rose our hopes. I soon had of the -doors he gave it a
my wife and sons on deck. push, and two huge dogs
The boys did not know till sprang out and leapt at him.
then that all the men had He thought at first they
left the ship, and that there would bite him, but he soon
was no one but us on found that they meant him
board. no harm, and one of them
"Where are the men ?" let him get on his back and
said they. "How can we ride up to me as I came
steer the ship?" from the hold of the ship.
My dear boys," said I, I could not keep back a
"He who has kept us safe smile, but I told him that
till now will still aid us, if it was not safe thus to play
we do not give way to fear. with dogs which had not
Let all hands set to work, been fed for so long a time.
and leave the rest to God." When the boys had done
At these words we all their search, and the spoil
went to work with a will. was brought on deck, we
My wife went to feed the thought we had found all
live stock; Fritz set off in that we should need. "As
search of arms, and the for me," said my wife, I
means to make use of them ; have brought good news,
and Ernest made his way for I find we have still on






io THE SWISS FAMILY ROBINSON.
board a cow, an ass, two were a fleet of eight small
goats, six sheep, a ram, a round boats, made so fast
pig, and a sow, and I have to some planks that no one
found food for them .all." of them could float from
All that you bring will the rest. When we had
be of use," said I; "but I done this, we sat down to
fear that Jack's dogs will do a good meal, which we ate
us more harm than good." with great zest, for we now
"Not at all," said Jack, felt that we had done our
in his pert way, for they best to earn it.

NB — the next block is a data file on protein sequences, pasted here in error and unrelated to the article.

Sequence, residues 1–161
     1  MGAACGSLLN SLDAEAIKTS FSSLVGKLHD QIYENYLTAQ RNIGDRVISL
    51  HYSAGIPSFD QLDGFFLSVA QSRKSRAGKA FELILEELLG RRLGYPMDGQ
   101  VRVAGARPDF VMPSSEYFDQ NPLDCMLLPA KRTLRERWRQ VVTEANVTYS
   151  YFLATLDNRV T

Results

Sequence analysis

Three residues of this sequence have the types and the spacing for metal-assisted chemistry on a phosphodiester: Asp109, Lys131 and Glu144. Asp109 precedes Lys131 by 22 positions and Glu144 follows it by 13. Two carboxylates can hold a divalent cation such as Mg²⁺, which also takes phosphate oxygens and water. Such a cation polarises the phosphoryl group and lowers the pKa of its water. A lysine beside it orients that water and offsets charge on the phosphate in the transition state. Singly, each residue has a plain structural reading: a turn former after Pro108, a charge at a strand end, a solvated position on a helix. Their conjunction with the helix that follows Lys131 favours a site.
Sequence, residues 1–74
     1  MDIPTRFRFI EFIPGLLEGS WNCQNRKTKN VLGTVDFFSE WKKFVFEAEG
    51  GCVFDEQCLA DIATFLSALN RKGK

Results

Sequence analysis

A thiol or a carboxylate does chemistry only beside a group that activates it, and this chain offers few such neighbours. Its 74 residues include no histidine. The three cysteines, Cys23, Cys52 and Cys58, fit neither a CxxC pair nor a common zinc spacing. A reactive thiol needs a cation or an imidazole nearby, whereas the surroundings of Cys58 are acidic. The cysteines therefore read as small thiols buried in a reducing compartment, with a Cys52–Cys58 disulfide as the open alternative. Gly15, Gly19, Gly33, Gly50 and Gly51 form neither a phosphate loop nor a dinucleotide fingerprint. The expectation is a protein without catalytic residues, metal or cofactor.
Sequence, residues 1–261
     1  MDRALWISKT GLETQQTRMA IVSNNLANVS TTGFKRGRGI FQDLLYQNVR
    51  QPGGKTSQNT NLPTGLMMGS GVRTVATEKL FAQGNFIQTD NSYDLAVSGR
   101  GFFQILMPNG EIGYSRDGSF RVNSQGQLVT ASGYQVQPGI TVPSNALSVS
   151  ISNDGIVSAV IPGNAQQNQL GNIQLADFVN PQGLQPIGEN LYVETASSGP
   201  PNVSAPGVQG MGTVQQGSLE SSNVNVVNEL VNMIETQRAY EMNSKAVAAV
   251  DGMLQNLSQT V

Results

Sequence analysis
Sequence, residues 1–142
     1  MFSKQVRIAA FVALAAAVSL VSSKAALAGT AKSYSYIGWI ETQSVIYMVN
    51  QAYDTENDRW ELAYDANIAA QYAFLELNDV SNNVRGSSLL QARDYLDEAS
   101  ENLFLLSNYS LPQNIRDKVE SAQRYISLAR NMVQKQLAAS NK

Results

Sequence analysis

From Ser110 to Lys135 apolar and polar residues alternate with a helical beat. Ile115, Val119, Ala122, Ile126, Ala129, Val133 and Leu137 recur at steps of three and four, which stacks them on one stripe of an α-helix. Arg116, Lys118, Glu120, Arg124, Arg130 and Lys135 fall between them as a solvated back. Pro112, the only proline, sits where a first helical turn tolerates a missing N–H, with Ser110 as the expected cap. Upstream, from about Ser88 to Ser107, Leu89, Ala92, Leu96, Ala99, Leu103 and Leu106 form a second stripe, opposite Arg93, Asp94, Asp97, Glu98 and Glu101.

can help us to hunt when The next thing to be
we get to land." done was to launch the raft.
"Well said, Jack. And This we at length did, and
now let us see what we can when the boys saw it slide
do that will aid us to get down the side of the ship
there." and float on the sea, they
We then took the casks gave a loud shout, and each
that we had found, and as one tried who should be
both Ernest and I could the first to get on it. I
use the saw, we soon cut made it fast to the ship,
them in half. With these and there left it.
tubs, which were bound It was late ere our work
round with strong hoops, was thus far brought to
we made a kind of raft, an end; and, as we had to
though it was no slight spend at least one night
task. The tubs, in fact, more on the wreck, I told






WE FREIGHT OUR RAFT. ir
the boys to get a good when she had to climb.
night's rest, so that they She did not at first like
might be fresh for the toils this, but did so as soon as
of the next day. she saw the truth of what
I then told my wife to I told her.
change her dress for that At last, when all was
of one of the crew which done, we went to bed, and
she had found, as her skirts slept as sound as if we had
would have got in her way been on land.



CHAPTER II.

WE were all up at the for some days. I hope we
break of day, and knelt may yet find means to come
down to thank God that back and take them on
He had kept us from harm shore with us."
through the night. We then put all the
My dear boys," said I, things on the raft, and ten
"we have now, with the live hens and two cocks
help of God, to try our were put in one of the tubs.
best to reach the shore. We Some ducks and geese we
must, ere we go, give the let go, in the hope that they
poor beasts on board both would swim to the shore;
food and drink to last them and a pair of doves were






2 THE SWISS FAMILY ROBINSON.
set free, as they could fly push off from the ship they
to the land. leapt in the sea, swam near
There was a place in the the raft, and kept well up
raft for each of us. In the with us.
first tub sat my wife; in the The sea was calm; so
next Frank, who was eight that we felt quite safe. We
years old; in the third Fritz, made good use of the oars,
not quite twice the age of and the raft bore its freight
Frank; in the fourth were straight to the land; but as